Time is running out for Boris Johnson who has said a no-deal Brexit would represent a failure on all sides.
The Prime Minister is determined to leave the European Union on October 31 “do or die” – and while a no-deal departure looks increasingly likely as the clock ticks down, Mr Johnson and Irish Taoiseach Leo Varadkar agree they can still “see a pathway to a possible deal”.
The PA news agency has a look at what will happen next and what a no-deal Brexit actually means.
– What is the problem?
The EU’s chief negotiator, Michel Barnier, said they have yet to see any “operational, legally binding solution” to the issue of the Northern Ireland backstop.
European Commission president Jean-Claude Juncker and Mr Varadkar both expressed concern that the return of customs controls threatened the Good Friday Agreement guarantee to maintain an open border with the Republic.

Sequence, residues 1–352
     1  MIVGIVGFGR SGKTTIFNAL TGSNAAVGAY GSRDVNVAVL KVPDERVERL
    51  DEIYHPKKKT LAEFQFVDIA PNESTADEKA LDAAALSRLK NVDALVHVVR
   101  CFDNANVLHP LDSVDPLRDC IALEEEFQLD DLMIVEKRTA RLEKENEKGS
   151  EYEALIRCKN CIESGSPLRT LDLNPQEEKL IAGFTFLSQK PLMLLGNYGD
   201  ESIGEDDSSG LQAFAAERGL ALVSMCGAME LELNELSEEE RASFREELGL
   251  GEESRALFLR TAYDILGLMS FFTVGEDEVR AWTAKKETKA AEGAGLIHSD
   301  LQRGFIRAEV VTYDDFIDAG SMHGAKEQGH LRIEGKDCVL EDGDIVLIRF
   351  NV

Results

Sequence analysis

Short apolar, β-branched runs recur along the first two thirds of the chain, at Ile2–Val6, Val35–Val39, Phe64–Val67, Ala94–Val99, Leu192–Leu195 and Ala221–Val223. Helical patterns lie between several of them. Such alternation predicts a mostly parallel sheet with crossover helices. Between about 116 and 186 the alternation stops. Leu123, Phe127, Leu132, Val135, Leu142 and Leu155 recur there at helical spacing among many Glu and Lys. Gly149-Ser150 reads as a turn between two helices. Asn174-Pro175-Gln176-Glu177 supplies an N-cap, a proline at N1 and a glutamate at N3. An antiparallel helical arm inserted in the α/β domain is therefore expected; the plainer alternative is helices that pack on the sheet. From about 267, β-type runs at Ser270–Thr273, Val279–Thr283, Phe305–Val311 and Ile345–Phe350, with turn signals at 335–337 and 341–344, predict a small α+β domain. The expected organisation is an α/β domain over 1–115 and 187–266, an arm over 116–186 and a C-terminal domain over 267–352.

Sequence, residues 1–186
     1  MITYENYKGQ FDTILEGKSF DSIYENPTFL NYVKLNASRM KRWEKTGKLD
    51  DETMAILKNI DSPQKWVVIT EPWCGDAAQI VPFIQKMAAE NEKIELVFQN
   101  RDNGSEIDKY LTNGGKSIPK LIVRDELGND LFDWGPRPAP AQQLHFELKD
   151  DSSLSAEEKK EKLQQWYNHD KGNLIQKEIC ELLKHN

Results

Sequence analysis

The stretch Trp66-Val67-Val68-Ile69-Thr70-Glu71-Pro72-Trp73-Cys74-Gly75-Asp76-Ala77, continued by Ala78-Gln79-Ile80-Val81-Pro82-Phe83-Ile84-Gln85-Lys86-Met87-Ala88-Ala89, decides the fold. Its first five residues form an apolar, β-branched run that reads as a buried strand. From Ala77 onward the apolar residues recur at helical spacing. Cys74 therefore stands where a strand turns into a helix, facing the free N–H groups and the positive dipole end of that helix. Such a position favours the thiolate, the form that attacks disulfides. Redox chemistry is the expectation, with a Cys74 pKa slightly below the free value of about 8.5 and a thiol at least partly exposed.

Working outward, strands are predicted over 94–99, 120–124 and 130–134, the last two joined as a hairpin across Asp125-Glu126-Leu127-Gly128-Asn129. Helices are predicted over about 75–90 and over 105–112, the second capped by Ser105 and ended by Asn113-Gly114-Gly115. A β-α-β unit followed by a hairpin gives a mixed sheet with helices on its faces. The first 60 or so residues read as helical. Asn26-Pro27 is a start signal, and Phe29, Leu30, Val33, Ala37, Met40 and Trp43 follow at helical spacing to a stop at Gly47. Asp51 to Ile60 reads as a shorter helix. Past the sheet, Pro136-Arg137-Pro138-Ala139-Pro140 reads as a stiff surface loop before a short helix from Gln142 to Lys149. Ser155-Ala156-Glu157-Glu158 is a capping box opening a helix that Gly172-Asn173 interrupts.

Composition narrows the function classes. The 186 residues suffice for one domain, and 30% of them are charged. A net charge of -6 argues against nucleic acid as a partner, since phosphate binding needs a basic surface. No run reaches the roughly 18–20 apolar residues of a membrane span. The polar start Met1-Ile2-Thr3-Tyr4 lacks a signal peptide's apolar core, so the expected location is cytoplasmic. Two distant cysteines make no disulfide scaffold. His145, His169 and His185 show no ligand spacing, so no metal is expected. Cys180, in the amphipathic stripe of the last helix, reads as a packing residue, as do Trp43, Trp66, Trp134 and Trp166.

But Mr Johnson has insisted that his Brexit plan is a “fair and reasonable compromise” that all sides can agree on.
Political parties in Northern Ireland, not counting the DUP, have also expressed major concerns, with Sinn Fein deputy leader Michelle O’Neill saying the proposals “drive a coach and horses” through the Good Friday Agreement.
– Is there long left to sort things out?
The UK is scheduled to leave the European Union on October 31 but the EU heads of government summit in Brussels on October 17/18 will be crucial.
Brexit Secretary Stephen Barclay is meeting EU chief negotiator Michel Barnier in Brussels on Friday.
And the talks will be key to assessing if the meeting between the PM and Taoiseach resulted in any kind of breakthrough that could be built on ahead of the summit.
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